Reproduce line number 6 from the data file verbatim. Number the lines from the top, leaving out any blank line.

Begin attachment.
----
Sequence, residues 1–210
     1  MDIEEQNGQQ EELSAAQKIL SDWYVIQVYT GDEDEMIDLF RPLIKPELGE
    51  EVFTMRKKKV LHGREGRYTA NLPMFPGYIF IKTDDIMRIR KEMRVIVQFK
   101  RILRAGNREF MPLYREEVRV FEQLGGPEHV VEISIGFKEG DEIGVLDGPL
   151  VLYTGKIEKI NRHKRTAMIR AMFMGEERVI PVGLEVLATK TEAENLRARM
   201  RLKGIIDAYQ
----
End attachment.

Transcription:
   201  RLKGIIDAYQ